8 Money Lessons for the Class of 2022

Congratulations, you made it, you’re a recent college graduate. Now it’s time to get out into the world of work. They earn money and receive a regular salary. With making money comes responsibility.

Here are 8 money lessons for the class of 2022.

Live according to your means

Getting your first real paycheck can be exciting. It’s tempting to buy things you might not have been able to afford as a student. It’s okay to spend a little money, but it’s more important to know your financial limits and live within your means.

Set a monthly budget

A good habit to pick up early on is developing a budget. What comes in and what goes out each month? On the income side, your main item will be your paycheck. If you have some kind of side hustle that generates a steady income, you should also consider that.

On the outflow page, take a look at everything you’re spending throughout the month. Items like housing, food, a car payment, student loan payments, and other fixed expenses should be part of your budget. Likewise, things like food, entertainment, gas, and others that may vary a bit should also be included.

Make sure you factor income taxes into your budget by withholding a reasonable amount from each paycheck to ensure you don’t miss out come tax time.

Track your expenses

One of the best ways to ensure you’re living within your means and staying on budget is to track your spending. Having a budget is no use if you don’t stick to it. To determine if you’re on the right track, it’s important to track your spending. That way, if you’ve overspent in one area, you’ll know that you may have to cut back elsewhere that month. This can be done through one of the many budgeting apps available, or through an old-fashioned Excel spreadsheet.

Save it for a rainy day

Things often happen when we are least prepared for them. An emergency fund can help pay for unexpected bills like a major car repair or the need to buy a new laptop if your laptop breaks. Perhaps more importantly, the fund can help you make ends meet in the event of illness or job loss.

A popular rule of thumb is that you should set aside 3 to 6 months of your ongoing monthly baseline expenses. Whether that’s the right amount is up for debate, but starting out it’s a good idea to set aside a portion of each paycheck in a liquid account, like a savings account, to build an emergency fund.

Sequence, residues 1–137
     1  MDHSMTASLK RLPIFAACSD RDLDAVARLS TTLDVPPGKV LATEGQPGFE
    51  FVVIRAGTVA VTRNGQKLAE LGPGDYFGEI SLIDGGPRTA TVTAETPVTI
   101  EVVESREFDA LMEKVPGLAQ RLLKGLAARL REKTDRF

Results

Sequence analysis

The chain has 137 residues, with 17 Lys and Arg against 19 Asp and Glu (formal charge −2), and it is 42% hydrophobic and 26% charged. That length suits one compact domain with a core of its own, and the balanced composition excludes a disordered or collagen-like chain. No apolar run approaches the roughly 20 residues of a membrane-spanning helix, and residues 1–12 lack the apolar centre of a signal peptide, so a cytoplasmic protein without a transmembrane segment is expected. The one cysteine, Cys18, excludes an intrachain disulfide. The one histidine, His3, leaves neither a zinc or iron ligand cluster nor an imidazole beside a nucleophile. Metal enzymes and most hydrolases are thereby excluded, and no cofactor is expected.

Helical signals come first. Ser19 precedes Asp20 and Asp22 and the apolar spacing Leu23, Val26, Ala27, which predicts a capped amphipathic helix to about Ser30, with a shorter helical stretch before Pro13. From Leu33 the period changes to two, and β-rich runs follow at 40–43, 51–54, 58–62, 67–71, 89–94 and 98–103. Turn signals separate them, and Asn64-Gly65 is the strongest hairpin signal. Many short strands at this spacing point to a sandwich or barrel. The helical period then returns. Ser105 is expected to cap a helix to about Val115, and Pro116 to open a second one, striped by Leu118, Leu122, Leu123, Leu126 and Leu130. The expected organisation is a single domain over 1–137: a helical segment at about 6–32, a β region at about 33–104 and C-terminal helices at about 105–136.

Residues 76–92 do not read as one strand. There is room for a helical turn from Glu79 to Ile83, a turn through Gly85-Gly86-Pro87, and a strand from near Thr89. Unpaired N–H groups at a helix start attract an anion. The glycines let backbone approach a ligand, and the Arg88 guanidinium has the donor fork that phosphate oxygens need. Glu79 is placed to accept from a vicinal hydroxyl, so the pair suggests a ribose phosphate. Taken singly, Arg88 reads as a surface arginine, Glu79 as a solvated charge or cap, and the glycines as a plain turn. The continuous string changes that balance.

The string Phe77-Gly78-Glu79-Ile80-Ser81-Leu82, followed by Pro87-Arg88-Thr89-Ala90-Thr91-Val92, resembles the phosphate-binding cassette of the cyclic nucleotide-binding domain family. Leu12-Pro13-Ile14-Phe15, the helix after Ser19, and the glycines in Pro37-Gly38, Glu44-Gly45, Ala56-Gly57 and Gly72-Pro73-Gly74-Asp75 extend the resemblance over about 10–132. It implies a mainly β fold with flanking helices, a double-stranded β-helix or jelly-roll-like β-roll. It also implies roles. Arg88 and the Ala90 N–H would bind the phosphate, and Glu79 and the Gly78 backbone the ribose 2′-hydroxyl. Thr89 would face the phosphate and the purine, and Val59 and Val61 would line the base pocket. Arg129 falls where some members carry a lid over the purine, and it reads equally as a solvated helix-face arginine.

Save for retirement

Retirement may seem a long way off, but one of the biggest advantages you have is the long time until retirement. The ability to earn interest on your pension contributions over a period of 30 or 40 years or more is a major benefit.

If your employer offers one, the easiest way to start investing for retirement is to pay a portion of your salary into the company’s 401(k) or similar retirement plan each pay period. Contribute as much as you can, but at least get started. Even if the amount is minimal, try to increase the percentage of your salary that you pay in each year. If your employer matches your contribution, try to contribute at least enough to get the maximum contribution as this is essentially free money.

If you’re uncomfortable choosing your own investments, many plans offer a managed account option like a target date fund.

In addition to an employer-funded retirement plan like a 401(k), you can contribute to an IRA. A traditional IRA can provide tax benefits on your contributions, but Roth IRAs provide the opportunity for tax-free withdrawals in retirement.


It’s a good idea to invest in a taxable account in excess of what you contribute to your 401(k) or other company pension plan. While 401(k)s and IRAs are great retirement savings tools, the money in these accounts isn’t easily accessible before retirement.

Investing in a taxable account offers diversification in terms of the types of accounts and the tax treatment of those accounts. Investments held in a taxable account can be withdrawn without the penalties associated with a 401(k) or IRA. A taxable account can be an ideal way to save for goals that are several years away, but not as far away as retirement. Examples might be saving for a down payment on a home or buying a new car. Additionally, investing in a taxable account is a great way to build wealth over time.

There are several possibilities for this. Large brokerage firms such as Fidelity and Charles Schwab offer many opportunities to invest in a range of assets such as stocks, mutual funds, and ETFs. With the advent of fractional shares, investing becomes even easier. Many brokers and mutual fund companies, such as T. Rowe Price and Vanguard, offer automated investment options that allow you to start small and grow the amount invested over time.

Hand back

One of the rewards of doing well in life is giving back to others who are not doing so well. Donating to charity is one of the most rewarding things you can do with your money. Every donation, even in small amounts, helps others in need.

Have fun

An important money habit is to put some money aside just to enjoy yourself. That can mean having dinner at your favorite restaurant, seeing a play, or attending a sporting event. Maybe just going out for a beer with friends.

We all work hard, it’s important to take some time and money to do something you enjoy once in a while.

These money lessons provide a solid foundation for your money journey as you graduate and move through the different stages of your life. 8 Money Lessons for the Class of 2022

Brian Lowry

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